I was having dinner with one of Wall Street’s Masters of the Universe recently, and he told that he had just been in Beijing and had read senior Chinese leadership the Riot Act.
“Oh really,” I said. “And exactly what did you tell them?”
He leaned in and whispered: “I told them that they had deceived us, that they were now our Russians.”
Meaning, I assume, that the Chinese are now our arch enemies. This is unfortunate. However, instead of ‘enemy,’ there is a more accurate word that describes America’s relationship with China: ‘ rival .’ I’ll expand on that a little later.
Trump has a point
It’s true because some Americans — including prominent ones — think China is the enemy. And it’s unfortunate, not only because it applies the framework of a previous relationship to a current one (usually not a good thing) but also, more importantly, because it’s off-base.
First, we should all recognize that Donald Trump has a point. Our trade relationship with China is flawed. Its current state reflects a time when China was a much smaller, developing nation. Back then, say circa 2000, we were more than willing to overlook trade imbalances and one-sided practices like mandatory joint ventures. Even intellectual property theft was grudgingly tolerated because of the upside, which was a massive and cheap manufacturing base for American companies and huge demand for U.S. Treasury securities. Who cares if the Chinese stole some schematics, they don’t really have a military anyway, right?
More recently, as these grievances became less tenable, Chinese leadership insisted they would change their ways.
Flash-forward to today, and it becomes much more difficult to justify this status quo. First, the Chinese economy is no longer a pipsqueak. It’s the second largest in the world with a bullet (with a GDP now at $14.1 trillion, up from a trillion at the turn of the millennium.) China’s economy is poised to exceed US GDP (now $20.4 trillion) in less than 15 years. Sure China’s per capita GDP is only $10K versus the US at $63K — but that gap is closing fast too.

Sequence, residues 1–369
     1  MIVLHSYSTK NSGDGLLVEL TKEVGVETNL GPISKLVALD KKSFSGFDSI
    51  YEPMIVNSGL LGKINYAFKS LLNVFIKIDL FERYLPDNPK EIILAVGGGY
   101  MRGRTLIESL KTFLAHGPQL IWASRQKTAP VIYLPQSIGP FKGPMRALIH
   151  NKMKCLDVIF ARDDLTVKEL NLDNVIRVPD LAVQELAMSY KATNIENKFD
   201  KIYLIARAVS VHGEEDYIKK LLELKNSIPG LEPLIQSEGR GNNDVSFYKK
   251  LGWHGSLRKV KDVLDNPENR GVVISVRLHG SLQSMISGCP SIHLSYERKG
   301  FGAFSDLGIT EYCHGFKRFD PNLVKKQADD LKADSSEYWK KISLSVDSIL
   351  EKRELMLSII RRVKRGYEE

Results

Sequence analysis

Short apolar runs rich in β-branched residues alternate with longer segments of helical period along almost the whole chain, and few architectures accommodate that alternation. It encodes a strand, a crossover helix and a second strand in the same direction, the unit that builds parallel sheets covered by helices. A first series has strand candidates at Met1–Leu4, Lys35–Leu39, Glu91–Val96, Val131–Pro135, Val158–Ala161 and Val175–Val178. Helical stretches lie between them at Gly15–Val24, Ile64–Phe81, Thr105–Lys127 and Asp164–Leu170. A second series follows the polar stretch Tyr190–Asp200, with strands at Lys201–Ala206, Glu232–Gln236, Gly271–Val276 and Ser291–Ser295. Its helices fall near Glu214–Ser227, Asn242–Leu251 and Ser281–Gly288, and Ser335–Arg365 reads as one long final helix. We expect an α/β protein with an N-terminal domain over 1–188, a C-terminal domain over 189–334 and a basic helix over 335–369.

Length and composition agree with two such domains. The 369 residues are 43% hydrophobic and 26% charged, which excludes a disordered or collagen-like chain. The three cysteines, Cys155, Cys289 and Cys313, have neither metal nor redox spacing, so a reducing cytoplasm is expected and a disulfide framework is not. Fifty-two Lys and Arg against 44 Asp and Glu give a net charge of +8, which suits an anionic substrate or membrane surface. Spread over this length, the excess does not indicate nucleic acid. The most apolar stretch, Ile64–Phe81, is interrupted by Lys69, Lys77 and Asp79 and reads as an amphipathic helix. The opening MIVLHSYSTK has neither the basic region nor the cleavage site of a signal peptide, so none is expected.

Second, the Chinese did not keep their promises in terms of ending the trade imbalance and the joint venture requirements, rolling back one-sided tariffs and putting an end to IP theft. That’s caused even a number of heretofore China bulls, like Blackstone’s Steve Schwarzman and former Treasury Secretary Hank Paulson, to become panda bears, to a degree.
In a speech on November 7 at the Bloomberg New Economy Forum in Singapore, Paulson noted that, “The United States played the decisive role in facilitating China’s entry into the World Trade Organization. Yet 17 years after China entered the WTO, China still has not opened its economy to foreign competition in so many areas. It retains joint venture requirements and ownership limits. And it uses technical standards, subsidies, licensing procedures, and regulation as non-tariff barriers to trade and investment. Nearly 20 years after entering the WTO, this is simply unacceptable.”
Paulson goes on to say that American business interests have become “discouraged” by this “Faustian bargain” and that attitudes have turned “negative.” China’s “failure to open up have contributed to this more confrontational view.”
Third, there’s new leadership — on both sides. Trump has not only called China out in a way that other presidents haven’t, he has also taken much stronger action. (To be clear, Barack Obama was able to quell Chinese IP theft for a time, though they reportedly ramped up those efforts after Obama left office.)
In Xi Jinping, China has a different leader too, one who is much more comfortable with a muscular posture than his predecessors and, of course, has a bigger, more powerful economy to back him up. Along with stamping out corruption (along with potential enemies some say), Xi has increased government control and scrutiny over the internet, media and dissidents. He has expanded China’s military footprint. Economically, he is driving the geographically expansive Belt and Road project as well the Made in China 2025 plan which aims to step up his nation’s manufacturing and technology.
So with all this, is my dinner partner correct? Is it accurate to suggest that China is our enemy?
I would still say no. I think the word that characterizes our relationship much more accurately is ‘rival.’
Let me explain how the words ‘enemy’ and ‘rival’ are different in significant ways. First, it’s true that not all rivalries are created equal. There is a spectrum of rivalry — from ‘bitter rival’ to ‘friendly rival.’ I would argue we’re somewhere in the middle right now with China.
With an enemy, however, there is little room for cooperation or even improvement in the relationship until one party is defeated. Going back to my Wall Street friend’s comments, think of the U.S. and the Soviet Union. (Or Russians as he put it.)
Of course there are so-called frenemies, but from my experience in business, I’m not a big believer in that.
Given the friction and discomfort we are experiencing right now in the U.S.-China relationship, I think it’s important for us to characterize our current state of affairs accurately.
I feel strongly that “rival” and not “enemy” is the right describer.
Remember what they told you when you were a little kid: Words matter.
Andy Serwer is editor-in-chief of Yahoo Finance. Follow him on Twitter @serwer
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